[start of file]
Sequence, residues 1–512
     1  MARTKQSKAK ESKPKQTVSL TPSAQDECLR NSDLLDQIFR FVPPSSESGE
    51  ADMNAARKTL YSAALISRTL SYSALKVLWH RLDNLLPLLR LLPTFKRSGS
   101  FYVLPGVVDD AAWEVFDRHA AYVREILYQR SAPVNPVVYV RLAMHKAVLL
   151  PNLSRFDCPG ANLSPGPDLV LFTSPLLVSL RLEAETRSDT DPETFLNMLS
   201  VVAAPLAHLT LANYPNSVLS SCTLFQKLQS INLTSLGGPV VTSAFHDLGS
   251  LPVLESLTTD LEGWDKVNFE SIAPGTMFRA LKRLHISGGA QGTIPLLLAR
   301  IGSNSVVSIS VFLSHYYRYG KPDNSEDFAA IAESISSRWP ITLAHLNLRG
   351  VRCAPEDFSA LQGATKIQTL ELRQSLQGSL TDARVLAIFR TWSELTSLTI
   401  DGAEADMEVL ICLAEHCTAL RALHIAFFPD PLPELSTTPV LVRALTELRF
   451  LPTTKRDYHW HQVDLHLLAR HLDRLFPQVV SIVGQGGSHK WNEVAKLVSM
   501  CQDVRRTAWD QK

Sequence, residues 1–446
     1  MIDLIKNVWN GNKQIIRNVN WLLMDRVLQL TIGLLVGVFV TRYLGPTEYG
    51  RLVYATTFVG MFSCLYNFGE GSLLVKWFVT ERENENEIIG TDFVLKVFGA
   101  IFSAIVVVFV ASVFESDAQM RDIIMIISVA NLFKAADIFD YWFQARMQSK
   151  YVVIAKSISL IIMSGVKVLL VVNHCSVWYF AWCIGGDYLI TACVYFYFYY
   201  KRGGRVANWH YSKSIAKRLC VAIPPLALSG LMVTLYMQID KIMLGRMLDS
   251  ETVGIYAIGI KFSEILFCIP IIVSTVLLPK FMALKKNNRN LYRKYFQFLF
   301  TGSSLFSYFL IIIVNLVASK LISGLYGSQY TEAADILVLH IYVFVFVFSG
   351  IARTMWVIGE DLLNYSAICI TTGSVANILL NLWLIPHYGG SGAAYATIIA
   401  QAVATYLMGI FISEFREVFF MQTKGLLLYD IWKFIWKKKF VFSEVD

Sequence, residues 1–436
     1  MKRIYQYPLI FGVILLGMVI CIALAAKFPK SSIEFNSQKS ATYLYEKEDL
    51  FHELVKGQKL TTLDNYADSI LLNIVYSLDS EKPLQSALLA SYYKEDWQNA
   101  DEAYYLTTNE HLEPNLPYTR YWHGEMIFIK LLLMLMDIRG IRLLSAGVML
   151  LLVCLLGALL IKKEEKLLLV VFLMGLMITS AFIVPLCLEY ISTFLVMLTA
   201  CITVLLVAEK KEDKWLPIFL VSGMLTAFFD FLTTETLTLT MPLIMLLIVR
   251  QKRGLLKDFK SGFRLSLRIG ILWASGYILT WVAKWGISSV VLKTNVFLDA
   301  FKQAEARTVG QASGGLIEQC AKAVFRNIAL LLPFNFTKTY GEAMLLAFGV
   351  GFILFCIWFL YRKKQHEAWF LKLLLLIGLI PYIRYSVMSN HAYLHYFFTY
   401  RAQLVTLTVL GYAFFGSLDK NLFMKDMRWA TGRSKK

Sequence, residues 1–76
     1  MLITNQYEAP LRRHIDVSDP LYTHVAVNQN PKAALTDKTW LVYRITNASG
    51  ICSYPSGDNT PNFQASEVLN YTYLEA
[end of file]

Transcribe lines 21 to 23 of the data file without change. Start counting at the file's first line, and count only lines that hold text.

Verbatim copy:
   351  IARTMWVIGE DLLNYSAICI TTGSVANILL NLWLIPHYGG SGAAYATIIA
   401  QAVATYLMGI FISEFREVFF MQTKGLLLYD IWKFIWKKKF VFSEVD

Sequence, residues 1–436